This isn’t science fiction. Just the other day 30 Republicans voted in the U.S. Senate to deny justice to a human victim of rape in order to protect the so-called sovereign rights of corporations.
I’m not much for slippery slope arguments, but when we’re buried in mud at the bottom of a slope, it might be prudent to see what we slipped on. In this case, as Thom Hartmann and others have pointed out, it was a court reporter’s memo attached to an obscure 1886 Supreme Court case. The memo summarized the court’s alleged opinion that the 14th Amendment applied to corporations. Corporations were people, too.
The rape case of Jamie Leigh Jones was just a logical step forward in the long-standing Republican effort to lock Americans out of the nation’s courthouses, an effort undertaken on behalf of corporate supremacy. A woman is gang-raped by her fellow employees at government contractor KBR. The company says her contract prohibits her from seeking justice in court.
Thirty Republican U.S. senators voted to safeguard corporations from lawsuits in rape cases. You read that right the first time. The amendment they voted against, by Sen. Al Franken, D-Minnesota, would withhold government contracts from corporations that block employees from going to court when raped or sexually assaulted on the job.
The case – and the vote – stirred a little outrage, but not enough.
Jones, of Houston, was drugged and gang raped while working in Baghdad for KBR/Halliburton. She was locked in a shipping container by the company and warned to keep quiet. She didn’t keep quiet. Franken and Senate Democrats took up her cause.
The crimes of the rapists and their protectors in the Republican Party reveal “tort reform” as one of the great political cons in U.S. history. Tort reform is the not-missing link in the evolution of corporate supremacy and human inferiority.
The decades-long GOP campaign against civil justice was just part of the effort to place corporations above the law and corporatist elected officials out of the reach of voters. Republican voter suppression was another front in the war on popular democracy.
This is the populist issue of our time. Well, it was the populist issue of bygone times, too, but too damn few took up the cause and the GOP ran away with a victory built on fake field goals, double-reverses, stolen signals and rigged referees.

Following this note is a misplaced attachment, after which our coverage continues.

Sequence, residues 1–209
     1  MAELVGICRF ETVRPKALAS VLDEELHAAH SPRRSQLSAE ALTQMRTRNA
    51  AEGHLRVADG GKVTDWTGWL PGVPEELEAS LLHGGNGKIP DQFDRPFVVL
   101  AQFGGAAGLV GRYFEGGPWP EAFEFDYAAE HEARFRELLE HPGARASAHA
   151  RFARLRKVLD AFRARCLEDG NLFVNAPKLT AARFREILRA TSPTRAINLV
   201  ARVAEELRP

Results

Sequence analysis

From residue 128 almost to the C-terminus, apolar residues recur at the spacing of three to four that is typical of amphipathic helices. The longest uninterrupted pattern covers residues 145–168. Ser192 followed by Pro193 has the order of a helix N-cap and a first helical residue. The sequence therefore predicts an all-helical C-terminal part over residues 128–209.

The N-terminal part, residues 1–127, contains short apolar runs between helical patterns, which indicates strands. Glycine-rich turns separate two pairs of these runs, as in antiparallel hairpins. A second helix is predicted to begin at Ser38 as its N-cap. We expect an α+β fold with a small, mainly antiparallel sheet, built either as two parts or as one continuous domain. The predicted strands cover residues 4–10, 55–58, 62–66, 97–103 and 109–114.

It sickens me that Republicans could generate faux-populist resentment of wealthy lawyers to seal the public out of the public sphere so corporatists could steal, maim and kill with impunity.
Also, too many progressive organizations stood idly by as the values at the core of democracy were attacked. Where were environmentalists, civil rights groups, women’s groups, consumer associations, and campaign finance reformers when Republicans campaigned to give corporations greater legal rights than people? They were sealed away in their silos, their consciences eased by their single-mind focus on their particular issues. It didn’t seem to matter to them that their ability to actually achieve anything was being undermined by the attack on democratic institutions and core American values.
Now that we have reached the point where Republicans can argue with a straight face that rape should be overlooked in favor of corporate protectionism maybe this will change.
I think American businesses are waking up to the excesses of the extremist assault on democracy. When all the courthouses are closed, they can’t get their business-to-business contracts enforced.
I fear, though, that in many places progressives and their allies are stuck in old habits and personal grudge matches. Moderate business Democrats should finally understand that lawyers did not cause any of the policy problems they care most about: the collapse of public education, support for higher education, a safe environment, a predictable regulatory environment. Progressive advocacy groups should wake up, too. When the public is sealed out of courthouses and capitols, all their earnest work for the environment, civil rights and health care will come to nothing.
It is a sign of our moral confusion that we are forced to have a conversation about whether a woman who has been gang-raped can go to court against her assailants. It is altogether disagreeable that we have to have it with inhuman entities that want us to grant them legal superiority in laws meant for humans.